Stimulating Spiritual Curiosity

When my children were younger, they regularly asked deep spiritual questions. Preschool drop-off conversations were filled with reflections on why the grass was green instead of blue or orange or how to become a rainbow, or why people are so mean sometimes. But as they got older, curiosity decreased. Educational psychologist Susan Engel, who researches curiosity in children, explains that formal schooling models tend to encourage passive listening and repetitive tasks that dampen curiosity. Still, there are ways that parents and other caregivers can help support and promote a child’s curiosity. One method is to encourage the act of questioning.

Engel’s research mostly focuses on how children use questions to explore objects and ideas about how the world works. She notes that children’s initial inquiries lead to yet more questions when adults take young questioners seriously and encourage further exploration. One approach she finds helpful is for adults to model asking questions and making space and time for exploring potential answers to satisfy their curiosity.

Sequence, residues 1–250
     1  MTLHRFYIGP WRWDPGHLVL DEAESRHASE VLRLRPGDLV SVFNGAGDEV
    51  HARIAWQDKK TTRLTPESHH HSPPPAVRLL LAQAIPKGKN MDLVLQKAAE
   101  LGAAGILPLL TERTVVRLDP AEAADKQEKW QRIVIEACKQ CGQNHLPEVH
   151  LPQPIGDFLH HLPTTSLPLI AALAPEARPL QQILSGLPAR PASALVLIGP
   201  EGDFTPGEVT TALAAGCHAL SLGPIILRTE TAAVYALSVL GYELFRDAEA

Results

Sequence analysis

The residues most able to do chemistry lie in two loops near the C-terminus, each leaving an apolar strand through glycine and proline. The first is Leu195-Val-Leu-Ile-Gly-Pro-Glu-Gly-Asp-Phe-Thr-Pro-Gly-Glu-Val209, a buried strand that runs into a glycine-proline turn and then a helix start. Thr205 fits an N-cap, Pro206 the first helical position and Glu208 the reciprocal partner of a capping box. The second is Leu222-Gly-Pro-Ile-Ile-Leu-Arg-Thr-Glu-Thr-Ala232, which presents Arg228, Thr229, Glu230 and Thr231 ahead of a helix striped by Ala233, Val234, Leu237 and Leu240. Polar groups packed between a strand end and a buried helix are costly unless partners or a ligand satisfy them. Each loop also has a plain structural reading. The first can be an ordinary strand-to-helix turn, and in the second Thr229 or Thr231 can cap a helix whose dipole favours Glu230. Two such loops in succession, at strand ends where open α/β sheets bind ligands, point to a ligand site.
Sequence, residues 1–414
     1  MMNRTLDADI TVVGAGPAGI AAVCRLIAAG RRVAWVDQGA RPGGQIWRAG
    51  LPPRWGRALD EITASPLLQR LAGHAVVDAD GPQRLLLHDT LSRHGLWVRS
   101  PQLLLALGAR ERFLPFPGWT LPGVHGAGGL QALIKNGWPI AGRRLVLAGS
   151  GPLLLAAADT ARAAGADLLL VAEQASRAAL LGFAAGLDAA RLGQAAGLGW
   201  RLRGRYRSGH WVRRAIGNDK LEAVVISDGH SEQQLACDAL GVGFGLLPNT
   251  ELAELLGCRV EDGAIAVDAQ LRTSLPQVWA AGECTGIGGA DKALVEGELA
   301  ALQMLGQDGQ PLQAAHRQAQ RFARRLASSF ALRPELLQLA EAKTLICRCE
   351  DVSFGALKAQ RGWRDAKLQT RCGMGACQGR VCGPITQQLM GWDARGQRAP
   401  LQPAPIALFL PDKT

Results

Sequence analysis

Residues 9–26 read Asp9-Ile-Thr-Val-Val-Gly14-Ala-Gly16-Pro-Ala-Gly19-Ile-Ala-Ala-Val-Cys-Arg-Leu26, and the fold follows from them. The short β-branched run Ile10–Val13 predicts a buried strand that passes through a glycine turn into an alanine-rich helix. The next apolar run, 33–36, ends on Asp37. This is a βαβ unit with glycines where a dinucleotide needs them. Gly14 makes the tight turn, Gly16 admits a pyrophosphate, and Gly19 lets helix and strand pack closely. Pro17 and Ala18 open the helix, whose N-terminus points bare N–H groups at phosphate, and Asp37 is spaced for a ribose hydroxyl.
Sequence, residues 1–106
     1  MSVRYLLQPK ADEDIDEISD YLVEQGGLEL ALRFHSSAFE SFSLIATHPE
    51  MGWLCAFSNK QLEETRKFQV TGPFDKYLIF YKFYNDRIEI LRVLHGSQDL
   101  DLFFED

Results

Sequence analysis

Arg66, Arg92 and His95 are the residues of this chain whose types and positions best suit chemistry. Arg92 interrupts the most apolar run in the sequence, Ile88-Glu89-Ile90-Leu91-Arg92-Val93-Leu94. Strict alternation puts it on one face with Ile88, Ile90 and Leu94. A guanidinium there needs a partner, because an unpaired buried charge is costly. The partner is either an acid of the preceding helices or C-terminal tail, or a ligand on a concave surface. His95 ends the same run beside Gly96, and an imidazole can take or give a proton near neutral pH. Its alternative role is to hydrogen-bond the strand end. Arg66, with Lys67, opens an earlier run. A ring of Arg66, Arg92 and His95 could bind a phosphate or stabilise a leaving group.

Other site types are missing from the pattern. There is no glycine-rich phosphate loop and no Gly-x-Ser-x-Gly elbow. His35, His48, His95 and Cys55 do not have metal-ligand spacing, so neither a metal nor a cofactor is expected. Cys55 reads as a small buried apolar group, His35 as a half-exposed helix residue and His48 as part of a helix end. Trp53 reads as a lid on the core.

Just about anything can be the subject of curious exploration, including oneself. Throughout the centuries, various religions and philosophical movements have valued daily practices of self-questioning to gain greater self-awareness and knowledge. Parents can model this spiritual practice of questioning themselves to encourage spiritual curiosity in their children. Through these shared experiences of self-questioning, families can establish a habit of being spiritually curious about how well they are being the people they desire to be.

Daily Questions
Set aside a few minutes each day to reflect on a pair of questions with your child. Select the pair that best fits your family’s understanding of spirituality, or try out different pairs to explore additional ways of being spiritual. Once you have posed the two questions for the day, encourage your child’s curiosity further by asking if they have any other questions about themselves they want to wonder about.

  • How have I received love today? How have I given love today?
  • Where have I made mistakes so far today? How could I be wiser the rest of the day?
  • When was I wise today? How will I practice being wise tomorrow?
  • What do I think I need from God today? What does God want for me today?
  • What values have I tried to live out today? What values will I live out tomorrow?
  • What do I like about myself today? What about myself do I want to change?



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